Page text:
International Accounting Standards
INTERNATIONAL ACCOUNTING STANDARDS HELP KEEP SA COMPETITIVE
“International accounting standards have a key role to play in helping South Africa become more competitive—and will help us as a nation to seize the opportunities raised by our membership of the Brazil, Russia, India and China (BRIC) group of nations,” says Faith Ngwenya, technical & Standards Executive, South African Institute of Professional Accountants. “When it comes to the public sector, these standards will also prove to be invaluable in helping donors and citizens alike to assess the performance of public-sector entities and their long-term sustainability. They will also play a role in enabling a culture of greater accountability and transparency which is particularly important given the extent of the delivery challenges the country faces—and the growing number of service delivery protests we are seeing.”
Basically speaking, the International Public Sector Accounting Standards are based on International Financial Reporting Standards (IFRS). However, these standards are not applied holus-bolus; due consideration is taken of South Africa’s position as a developing country. The work of adapting the international standards is undertaken by the Accounting Standards Board, which is a statutory body created in terms of the Public Finance Management Act to set accounting standards for all public sector entities in South Africa. The Act actually requires the Accounting Standards Board to take into account best accounting practices both internationally and locally.
The Board also takes cognisance of the conditions “on the ground” and modifies the international standards as needed. In practice, this might mean reducing the complexity of some standards, or creating provisions for certain public-sector organisations to make the transition in a phased manner.
“What’s really exciting is the realisation internationally that financial statements are actually part of a much bigger puzzle,” Ngwenya observes. “The International Public Sector Accounting Standards Board is now proposing a conceptual framework for the public sector that will go beyond conventional financial statements to produce a general-purpose financial report.”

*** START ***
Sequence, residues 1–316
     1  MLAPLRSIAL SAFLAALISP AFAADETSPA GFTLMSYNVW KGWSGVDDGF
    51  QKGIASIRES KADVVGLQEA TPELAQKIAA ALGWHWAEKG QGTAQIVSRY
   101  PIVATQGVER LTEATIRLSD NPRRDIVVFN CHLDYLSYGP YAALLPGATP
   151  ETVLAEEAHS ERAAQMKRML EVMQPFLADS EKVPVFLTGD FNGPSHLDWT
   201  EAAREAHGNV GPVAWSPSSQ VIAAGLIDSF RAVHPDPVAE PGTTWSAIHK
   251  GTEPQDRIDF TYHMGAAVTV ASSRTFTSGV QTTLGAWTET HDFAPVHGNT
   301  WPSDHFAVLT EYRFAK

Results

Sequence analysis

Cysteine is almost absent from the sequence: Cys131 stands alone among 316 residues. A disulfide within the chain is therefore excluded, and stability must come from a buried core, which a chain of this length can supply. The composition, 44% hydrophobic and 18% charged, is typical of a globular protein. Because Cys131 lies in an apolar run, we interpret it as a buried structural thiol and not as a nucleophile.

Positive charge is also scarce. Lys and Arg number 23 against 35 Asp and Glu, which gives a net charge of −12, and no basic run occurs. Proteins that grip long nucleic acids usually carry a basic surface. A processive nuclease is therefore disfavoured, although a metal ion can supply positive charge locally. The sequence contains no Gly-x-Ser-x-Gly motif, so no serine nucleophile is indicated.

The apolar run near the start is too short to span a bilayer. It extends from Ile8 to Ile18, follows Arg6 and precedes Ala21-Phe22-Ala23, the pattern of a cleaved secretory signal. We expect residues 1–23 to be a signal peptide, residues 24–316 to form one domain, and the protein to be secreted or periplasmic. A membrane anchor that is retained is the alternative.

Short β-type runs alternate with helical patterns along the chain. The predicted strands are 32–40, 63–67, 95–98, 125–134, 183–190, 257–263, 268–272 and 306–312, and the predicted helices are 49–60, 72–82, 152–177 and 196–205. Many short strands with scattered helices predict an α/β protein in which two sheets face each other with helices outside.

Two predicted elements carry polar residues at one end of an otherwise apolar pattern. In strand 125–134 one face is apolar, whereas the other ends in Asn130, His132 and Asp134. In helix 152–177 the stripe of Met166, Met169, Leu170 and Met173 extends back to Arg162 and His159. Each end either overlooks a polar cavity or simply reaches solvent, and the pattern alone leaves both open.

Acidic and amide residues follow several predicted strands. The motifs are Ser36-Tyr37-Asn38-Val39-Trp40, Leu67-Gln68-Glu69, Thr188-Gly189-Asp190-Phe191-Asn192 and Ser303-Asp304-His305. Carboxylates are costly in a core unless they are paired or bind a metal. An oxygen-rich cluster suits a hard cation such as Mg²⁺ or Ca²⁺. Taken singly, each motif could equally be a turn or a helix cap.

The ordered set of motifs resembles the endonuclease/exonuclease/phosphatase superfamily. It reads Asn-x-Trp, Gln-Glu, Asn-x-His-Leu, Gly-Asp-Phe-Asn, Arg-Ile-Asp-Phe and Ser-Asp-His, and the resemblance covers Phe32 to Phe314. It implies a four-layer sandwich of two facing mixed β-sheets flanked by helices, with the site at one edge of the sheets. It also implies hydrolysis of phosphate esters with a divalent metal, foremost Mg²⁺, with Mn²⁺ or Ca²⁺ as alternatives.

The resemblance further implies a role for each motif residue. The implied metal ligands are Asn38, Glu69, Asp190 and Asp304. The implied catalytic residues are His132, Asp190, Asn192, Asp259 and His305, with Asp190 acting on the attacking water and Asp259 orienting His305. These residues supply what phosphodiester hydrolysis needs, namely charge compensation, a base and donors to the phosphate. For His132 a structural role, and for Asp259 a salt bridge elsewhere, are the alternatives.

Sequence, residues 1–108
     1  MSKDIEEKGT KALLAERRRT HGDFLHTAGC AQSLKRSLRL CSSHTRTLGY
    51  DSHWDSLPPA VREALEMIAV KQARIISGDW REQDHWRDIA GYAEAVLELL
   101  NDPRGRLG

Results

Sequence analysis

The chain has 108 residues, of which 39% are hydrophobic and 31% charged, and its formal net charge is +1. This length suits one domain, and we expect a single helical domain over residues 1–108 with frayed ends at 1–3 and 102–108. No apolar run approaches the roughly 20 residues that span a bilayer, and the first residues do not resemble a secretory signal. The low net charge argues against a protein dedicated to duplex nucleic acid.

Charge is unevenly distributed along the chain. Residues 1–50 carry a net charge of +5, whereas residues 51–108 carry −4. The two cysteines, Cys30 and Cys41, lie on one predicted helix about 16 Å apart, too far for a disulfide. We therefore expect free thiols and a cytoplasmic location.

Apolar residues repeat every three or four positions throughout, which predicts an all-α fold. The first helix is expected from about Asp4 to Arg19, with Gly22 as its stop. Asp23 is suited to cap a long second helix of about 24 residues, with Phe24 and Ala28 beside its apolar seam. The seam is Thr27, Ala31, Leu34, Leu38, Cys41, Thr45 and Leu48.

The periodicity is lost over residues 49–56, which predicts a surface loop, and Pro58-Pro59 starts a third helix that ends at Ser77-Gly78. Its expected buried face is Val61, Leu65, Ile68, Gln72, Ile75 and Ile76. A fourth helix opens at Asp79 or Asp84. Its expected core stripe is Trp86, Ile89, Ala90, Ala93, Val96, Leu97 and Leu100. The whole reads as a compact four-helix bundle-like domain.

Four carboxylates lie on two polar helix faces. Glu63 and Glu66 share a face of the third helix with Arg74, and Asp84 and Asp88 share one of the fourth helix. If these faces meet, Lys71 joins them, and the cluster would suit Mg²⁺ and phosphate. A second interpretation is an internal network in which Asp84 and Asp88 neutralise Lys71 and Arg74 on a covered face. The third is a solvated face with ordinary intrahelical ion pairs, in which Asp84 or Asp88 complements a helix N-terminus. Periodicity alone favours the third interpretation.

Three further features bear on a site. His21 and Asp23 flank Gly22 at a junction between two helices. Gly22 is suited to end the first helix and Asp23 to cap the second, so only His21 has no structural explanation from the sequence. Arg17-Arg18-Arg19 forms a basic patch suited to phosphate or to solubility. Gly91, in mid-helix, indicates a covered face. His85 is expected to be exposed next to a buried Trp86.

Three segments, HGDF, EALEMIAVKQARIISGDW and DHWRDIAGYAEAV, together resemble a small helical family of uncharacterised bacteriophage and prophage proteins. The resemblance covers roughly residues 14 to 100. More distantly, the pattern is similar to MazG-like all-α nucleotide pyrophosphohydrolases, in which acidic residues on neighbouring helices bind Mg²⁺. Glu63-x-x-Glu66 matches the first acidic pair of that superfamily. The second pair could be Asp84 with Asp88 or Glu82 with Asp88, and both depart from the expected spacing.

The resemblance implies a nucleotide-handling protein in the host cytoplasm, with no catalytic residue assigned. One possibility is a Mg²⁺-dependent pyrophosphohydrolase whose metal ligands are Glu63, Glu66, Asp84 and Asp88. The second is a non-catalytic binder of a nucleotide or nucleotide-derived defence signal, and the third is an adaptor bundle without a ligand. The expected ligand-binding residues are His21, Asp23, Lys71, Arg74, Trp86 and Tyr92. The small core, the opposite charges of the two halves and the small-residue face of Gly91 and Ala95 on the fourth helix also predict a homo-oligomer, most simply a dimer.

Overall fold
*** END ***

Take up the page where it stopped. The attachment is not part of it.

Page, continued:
This new framework would require public-sector organizations to report on their long-term financial sustainability by balancing long-term cash outflows against cash inflows from taxation and other sources. It would also report on service delivery, reporting on inputs versus outputs. “This type of reporting will play a key role in aligning government activity with its strategy, but it will also help in our ability to forge strong trading and other alliances with, for example, our BRIC partners,” argues Ngwenya. “Economic co-operation will only be enhanced by our ability to provide financial information that is compiled according the same standards and can thus be more readily understood and assessed. In addition, by adhering to international standards, the public sector would be in line with the private sector where the transactions are the same—this in turn will create a platform for greater accountability and enable better private-public cooperation.”
About SAIPA (South African Institute of Professional Accountants)
SAIPA (https://www.saipa.co.za) is a professional accountancy organisation of professional accountants in practice, commerce and industry, government and academia. The majority of its members are in public practice, offering accountancy and allied services, excluding auditing, to the general public and the business community, especially in the SMME sector. SAIPA is a full member of IFAC (http://www.ifac.org/) which is a global organisation for the accountancy profession.
ISSUED ON BEHALF OF SAIPA BY PR REPUBLIC. FOR MORE INFORMATION CONTACT LEANDRI SMITH ON 079 523 8374 OR AT firstname.lastname@example.org.